"One of the questions we ask ourselves at Invitae is how we get this information to patients responsibly," George said.

In addition to Invitae, several other companies are also beginning to experiment with new hybrid models for genetic testing. Color Genomics, for example, lets you order a genetic test through an independent physician who can help translate the findings remotely.

And Nebula Genomics says you can get your entire genome sequenced, own the data set, and earn digital money by sharing it.

Another approach is being pioneered by LunaDNA, which is offering to pay people for their genetic information in the form of shares of LunaDNA.

George said that while he hopes Invitae's new initiative will help more people get access to their genetic information earlier, he wants to also ensure that people are able to act on the guidance they receive.

"Our mission is to get it in more people's hands, but we aren't interested in unleashing a whole bunch of information on folks and providing no way to do anything tangible with it," he said.

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Unwanted side effects of (bioidentical) hormone …

The use of bioidentical hormones got a lot of press after Suzanne Somers (Threes Company cast member and promoter of the ThighMaster) began touting them as an alternative to synthetic hormone replacement. I wholeheartedly agree that bioidentical hormones are preferable to synthetic hormone replacement therapy (HRT). Recall the large experiment on the female population known as the Womens Health Initiative Postmenopausal Hormone Therapy Trials. If you arent familiar with the results of that study, here is a summary provided by the National Institutes of Health:

Compared with the placebo, estrogen plus progestin resulted in:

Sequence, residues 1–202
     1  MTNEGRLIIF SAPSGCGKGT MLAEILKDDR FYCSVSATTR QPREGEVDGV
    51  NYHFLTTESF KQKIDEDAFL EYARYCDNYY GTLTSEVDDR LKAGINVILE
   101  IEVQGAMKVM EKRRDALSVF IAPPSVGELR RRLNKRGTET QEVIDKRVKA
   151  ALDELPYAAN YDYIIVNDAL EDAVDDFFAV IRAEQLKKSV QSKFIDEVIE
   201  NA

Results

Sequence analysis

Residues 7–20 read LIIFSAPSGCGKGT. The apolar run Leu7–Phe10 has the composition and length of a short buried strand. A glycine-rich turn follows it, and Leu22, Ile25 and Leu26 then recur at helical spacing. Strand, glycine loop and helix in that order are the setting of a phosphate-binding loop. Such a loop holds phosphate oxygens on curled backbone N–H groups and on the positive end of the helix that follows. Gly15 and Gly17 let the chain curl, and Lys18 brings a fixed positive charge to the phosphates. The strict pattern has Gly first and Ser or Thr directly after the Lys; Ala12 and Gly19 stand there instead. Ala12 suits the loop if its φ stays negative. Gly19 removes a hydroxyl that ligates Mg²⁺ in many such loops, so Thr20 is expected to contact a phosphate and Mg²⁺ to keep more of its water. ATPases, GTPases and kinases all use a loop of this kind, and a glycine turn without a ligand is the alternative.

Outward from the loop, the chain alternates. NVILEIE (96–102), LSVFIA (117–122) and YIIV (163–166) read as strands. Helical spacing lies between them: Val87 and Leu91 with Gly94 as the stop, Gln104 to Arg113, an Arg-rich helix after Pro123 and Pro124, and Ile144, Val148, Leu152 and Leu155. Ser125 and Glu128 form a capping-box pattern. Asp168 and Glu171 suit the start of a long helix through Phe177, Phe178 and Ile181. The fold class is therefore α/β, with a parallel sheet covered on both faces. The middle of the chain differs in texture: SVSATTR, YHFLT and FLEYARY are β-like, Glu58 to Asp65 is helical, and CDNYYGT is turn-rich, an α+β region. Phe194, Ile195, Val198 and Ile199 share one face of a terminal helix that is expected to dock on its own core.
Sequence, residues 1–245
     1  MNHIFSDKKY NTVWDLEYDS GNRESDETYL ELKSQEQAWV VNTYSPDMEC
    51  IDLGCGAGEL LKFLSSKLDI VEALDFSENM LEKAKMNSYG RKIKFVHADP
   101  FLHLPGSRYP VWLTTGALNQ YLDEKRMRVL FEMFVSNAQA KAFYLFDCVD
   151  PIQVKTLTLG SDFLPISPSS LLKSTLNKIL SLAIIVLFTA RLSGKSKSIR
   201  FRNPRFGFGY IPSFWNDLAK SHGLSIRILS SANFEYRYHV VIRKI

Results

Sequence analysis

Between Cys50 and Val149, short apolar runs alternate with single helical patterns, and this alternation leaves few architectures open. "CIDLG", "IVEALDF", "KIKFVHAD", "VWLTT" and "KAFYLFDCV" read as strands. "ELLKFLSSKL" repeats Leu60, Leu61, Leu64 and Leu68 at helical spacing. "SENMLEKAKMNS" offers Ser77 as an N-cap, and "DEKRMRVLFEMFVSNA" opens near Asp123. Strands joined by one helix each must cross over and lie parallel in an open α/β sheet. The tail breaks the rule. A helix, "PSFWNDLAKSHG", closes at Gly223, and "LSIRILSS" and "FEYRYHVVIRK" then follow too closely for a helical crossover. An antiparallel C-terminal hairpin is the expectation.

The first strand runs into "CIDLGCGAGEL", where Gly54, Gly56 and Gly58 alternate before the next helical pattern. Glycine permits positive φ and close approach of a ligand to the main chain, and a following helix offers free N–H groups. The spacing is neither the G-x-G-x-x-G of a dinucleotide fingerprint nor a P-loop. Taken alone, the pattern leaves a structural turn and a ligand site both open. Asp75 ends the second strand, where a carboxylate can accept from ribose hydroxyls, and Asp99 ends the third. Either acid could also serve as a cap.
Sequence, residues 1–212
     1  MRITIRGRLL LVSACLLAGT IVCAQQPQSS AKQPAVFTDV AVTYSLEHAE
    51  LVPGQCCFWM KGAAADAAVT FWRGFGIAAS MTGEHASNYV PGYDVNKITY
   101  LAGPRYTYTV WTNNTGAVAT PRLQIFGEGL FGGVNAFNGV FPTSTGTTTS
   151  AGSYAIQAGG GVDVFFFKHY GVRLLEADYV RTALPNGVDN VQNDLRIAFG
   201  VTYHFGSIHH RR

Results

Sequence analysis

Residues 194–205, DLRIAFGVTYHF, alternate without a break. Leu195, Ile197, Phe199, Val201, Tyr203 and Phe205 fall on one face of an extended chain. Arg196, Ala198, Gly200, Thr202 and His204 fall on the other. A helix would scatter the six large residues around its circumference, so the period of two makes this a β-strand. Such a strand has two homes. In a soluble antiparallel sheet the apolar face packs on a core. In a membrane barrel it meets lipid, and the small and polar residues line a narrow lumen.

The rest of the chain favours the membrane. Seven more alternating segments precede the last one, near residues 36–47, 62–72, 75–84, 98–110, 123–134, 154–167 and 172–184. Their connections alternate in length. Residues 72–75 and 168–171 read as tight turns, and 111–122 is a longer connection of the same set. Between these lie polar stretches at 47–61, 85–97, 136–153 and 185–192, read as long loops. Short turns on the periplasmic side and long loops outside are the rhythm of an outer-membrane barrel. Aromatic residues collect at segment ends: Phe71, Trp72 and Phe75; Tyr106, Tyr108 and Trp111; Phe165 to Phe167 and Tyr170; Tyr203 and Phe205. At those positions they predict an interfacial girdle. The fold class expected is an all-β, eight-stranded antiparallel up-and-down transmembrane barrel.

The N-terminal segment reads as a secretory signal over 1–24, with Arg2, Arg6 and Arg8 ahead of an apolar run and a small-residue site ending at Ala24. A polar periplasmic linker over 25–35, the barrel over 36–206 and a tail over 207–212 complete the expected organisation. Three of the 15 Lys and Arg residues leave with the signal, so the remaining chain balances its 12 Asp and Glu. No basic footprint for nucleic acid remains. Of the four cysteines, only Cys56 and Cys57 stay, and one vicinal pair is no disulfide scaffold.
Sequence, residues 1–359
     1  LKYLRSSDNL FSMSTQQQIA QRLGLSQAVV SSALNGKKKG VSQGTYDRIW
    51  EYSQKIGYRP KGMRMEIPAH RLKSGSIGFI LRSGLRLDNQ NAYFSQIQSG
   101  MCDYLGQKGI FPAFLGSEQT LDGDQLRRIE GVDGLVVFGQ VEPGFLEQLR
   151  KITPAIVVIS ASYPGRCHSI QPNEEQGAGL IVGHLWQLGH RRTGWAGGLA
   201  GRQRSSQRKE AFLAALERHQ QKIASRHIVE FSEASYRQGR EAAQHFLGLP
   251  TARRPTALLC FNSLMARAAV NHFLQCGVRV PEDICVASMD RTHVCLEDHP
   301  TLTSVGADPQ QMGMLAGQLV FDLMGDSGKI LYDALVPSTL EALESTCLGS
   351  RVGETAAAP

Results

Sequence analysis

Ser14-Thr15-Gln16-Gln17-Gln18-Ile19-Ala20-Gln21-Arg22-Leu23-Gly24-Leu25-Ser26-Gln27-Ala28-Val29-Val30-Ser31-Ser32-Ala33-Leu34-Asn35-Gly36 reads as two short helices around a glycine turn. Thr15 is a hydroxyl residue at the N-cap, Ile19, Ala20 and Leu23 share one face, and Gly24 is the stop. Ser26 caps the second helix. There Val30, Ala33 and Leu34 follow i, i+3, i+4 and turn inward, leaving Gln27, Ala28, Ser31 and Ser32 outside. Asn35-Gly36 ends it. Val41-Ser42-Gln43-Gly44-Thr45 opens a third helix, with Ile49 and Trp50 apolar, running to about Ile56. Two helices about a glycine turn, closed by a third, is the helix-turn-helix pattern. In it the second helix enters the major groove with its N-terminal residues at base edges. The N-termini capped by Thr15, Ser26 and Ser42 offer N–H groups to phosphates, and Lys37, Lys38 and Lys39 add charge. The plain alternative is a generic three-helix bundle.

Increased risk of heart attackIncreased risk of strokeIncreased risk of blood clotsIncreased risk of breast cancerReduced risk of colorectal cancerFewer fracturesNo protection against mild cognitive impairment and increased risk of dementia (study included only women 65 and older)

Compared with the placebo, estrogen alone resulted in:

No difference in risk for heart attackIncreased risk of strokeIncreased risk of blood clotsUncertain effect for breast cancerNo difference in risk for colorectal cancerReduced risk of fracture(Findings about memory and cognitive function are not yet available.)

Just because synthetic hormones come with proven risk, it seems that people have decided bioidentical hormones are totally fine to take. Bioidentical hormones are crafted to be the exact molecular structure of the hormone(s) your body produces. Synthetic hormones, on the other hand are not. Synthetic hormones are typically a bit different from the exact structure that your body makes because that way it can be patented by the manufacturer.

The purpose of this article is not necessarily to compare and contrast synthetic from bioidentical HRT; but to alert you as to how the body responds when bioidentical (and synthetic) hormones are taken. Well, really to alert you on the downside consequences of taking ANY hormones. The physiology is simple and logical. It can be more in depth, but Ill focus on the basics. By the way, Im referring to the pathways of the most commonly replaced hormones, steroid (e.g.: estrogen, testosterone, progesterone, cortisol, DHEA, etc.) and thyroid hormones.

Most hormones work in the body via a negative feedback loop. This means that as the level of a hormone rises, a signal is mediated that ceases that hormones production and release; in order to prevent the production of the hormone from getting out of control. Lets begin with an example using thyroid hormone.